A tale of a DOA dishwasher

Consumer Reports News: June 27, 2008 01:47 PM

Last week, I spotted an interesting post on Consumerist.com about a dishwasher purchase gone awry. The buyer related the following tale, and while his story, the beginning of which follows verbatim, might not be common, there are some shopping lessons to learn from it:

"This past weekend, I purchased a $1300 dishwasher from Sears.. They delivered it Saturday morning, less than 24 hours after order. Great! However the dishwasher that they delivered was defective, I immediately called the store where I purchased it, and spoke with the Sales lady.. She told me that Sears has outsourced their customer service to a company called OneSource and that I that she couldn't help me. . . . "

(Read more about the disheartened buyer's experience and the dozens of comments that ensued. Long story short, the guy is expecting a replacement dishwasher to be delivered on July 1.)

Many commenters urged the dishwasher buyer to use the charge-back feature of his credit card, which would give him the right to dispute a charge if he were dissatisfied with the quality of a purchase. But as we pointed out in an article about the consumer rights you have when you shop with a credit card, there are limits to charge-backs, including:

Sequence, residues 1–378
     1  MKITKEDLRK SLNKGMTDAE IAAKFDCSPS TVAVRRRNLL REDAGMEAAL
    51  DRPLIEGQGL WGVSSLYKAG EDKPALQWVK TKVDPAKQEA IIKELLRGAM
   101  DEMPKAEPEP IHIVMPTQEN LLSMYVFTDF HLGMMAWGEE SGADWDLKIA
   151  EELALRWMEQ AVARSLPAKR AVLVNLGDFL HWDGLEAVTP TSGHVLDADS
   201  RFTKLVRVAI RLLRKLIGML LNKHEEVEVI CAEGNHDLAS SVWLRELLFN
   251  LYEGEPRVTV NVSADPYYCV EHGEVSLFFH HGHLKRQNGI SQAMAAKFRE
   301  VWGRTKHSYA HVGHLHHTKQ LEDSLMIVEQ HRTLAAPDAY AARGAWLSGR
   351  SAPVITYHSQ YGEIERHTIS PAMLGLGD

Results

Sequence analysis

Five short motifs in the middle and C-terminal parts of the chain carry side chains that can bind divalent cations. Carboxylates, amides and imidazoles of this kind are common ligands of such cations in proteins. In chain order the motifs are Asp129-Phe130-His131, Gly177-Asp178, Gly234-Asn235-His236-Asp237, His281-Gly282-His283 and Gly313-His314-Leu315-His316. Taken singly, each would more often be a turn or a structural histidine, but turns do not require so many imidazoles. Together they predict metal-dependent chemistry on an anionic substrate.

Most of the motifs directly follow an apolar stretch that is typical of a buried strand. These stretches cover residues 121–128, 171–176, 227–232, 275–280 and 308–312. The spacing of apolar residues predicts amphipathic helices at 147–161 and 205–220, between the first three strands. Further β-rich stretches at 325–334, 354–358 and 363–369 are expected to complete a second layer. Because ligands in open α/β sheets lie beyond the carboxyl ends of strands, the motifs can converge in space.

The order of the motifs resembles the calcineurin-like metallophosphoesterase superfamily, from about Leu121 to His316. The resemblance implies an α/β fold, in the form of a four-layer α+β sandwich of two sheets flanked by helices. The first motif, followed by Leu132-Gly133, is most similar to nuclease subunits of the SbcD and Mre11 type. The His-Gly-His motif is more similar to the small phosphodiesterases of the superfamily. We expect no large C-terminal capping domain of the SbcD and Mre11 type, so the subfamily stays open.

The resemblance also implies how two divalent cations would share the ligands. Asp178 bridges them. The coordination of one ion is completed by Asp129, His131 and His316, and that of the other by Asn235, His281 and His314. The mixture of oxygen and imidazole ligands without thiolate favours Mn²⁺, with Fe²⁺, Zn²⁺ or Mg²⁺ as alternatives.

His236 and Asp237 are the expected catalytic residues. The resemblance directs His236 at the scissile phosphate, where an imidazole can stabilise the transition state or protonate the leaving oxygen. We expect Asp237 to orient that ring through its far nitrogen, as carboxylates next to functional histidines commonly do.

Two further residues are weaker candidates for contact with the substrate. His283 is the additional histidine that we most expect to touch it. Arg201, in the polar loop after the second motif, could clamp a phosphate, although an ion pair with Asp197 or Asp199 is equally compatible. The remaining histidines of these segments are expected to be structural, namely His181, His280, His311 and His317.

• You must have made a good-faith effort to resolve the problem directly with the merchant before disputing the charge.

• The charge must be at least $50, and the transaction must have occurred in your home state or within 100 miles of your current billing address. The transaction location depends on your state or other laws, which complicates matters, especially if you make a purchase online, by phone, or through the mail.

• The geographic restrictions and the $50 rule don't apply if the card issuer or close business partners sold you the product or service and also do not apply to billing errors.

One way to avoid getting stuck with problem appliances is to inform yourself about the products and the brands you're considering. There are no guarantees you'll be satisfied with what you buy—indeed, Kenmore dishwashers have not been repair-prone, based on more than 112,000 reader responses about dishwashers to the Annual Product Reliability Survey by the Consumer Reports National Research Center, as detailed in our Brand Repair History. But you might be able to avoid getting stuck with an underperforming item or an unreliable brand.

Read our expert advice for buying appliances, and if you're in the market for a new dishwasher, visit our product page to find the latest report and Ratings (with Brand Repair History, available to subscribers). Look for our latest review of appliance retailers and the services they provide in the August 2008 issue of Consumer Reports, online and on sale in July, and see how we test dishwashers (right).—Gian Trotta

Essential information: Read about a plan by Sears to start selling its brands at other retailers. And use our Home Improvement Guide interactive to take a room-by-room tour of the top-rated appliances and most cost-effective improvements you can make to your home.


E-mail Newsletters

FREE e-mail Newsletters! Choose from cars, safety, health, and more!
Already signed-up?
Manage your newsletters here too.

Appliances News

Cars

Cars Build & Buy Car Buying Service
Save thousands off MSRP with upfront dealer pricing information and a transparent car buying experience.

See your savings

Mobile

Mobile Get Ratings on the go and compare
while you shop

Learn more